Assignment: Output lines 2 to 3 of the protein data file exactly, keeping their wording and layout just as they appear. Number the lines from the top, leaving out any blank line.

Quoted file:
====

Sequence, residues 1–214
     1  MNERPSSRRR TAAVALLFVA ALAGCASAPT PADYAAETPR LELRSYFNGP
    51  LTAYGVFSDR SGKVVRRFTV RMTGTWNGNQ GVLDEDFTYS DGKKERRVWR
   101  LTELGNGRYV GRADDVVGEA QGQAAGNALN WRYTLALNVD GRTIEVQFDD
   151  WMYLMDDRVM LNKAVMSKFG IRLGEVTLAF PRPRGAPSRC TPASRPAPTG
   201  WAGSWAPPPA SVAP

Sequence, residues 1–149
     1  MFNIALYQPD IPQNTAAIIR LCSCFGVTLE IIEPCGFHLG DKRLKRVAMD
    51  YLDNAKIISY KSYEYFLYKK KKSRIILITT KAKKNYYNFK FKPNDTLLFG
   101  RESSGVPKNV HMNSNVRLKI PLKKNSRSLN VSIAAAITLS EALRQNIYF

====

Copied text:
     1  MNERPSSRRR TAAVALLFVA ALAGCASAPT PADYAAETPR LELRSYFNGP
    51  LTAYGVFSDR SGKVVRRFTV RMTGTWNGNQ GVLDEDFTYS DGKKERRVWR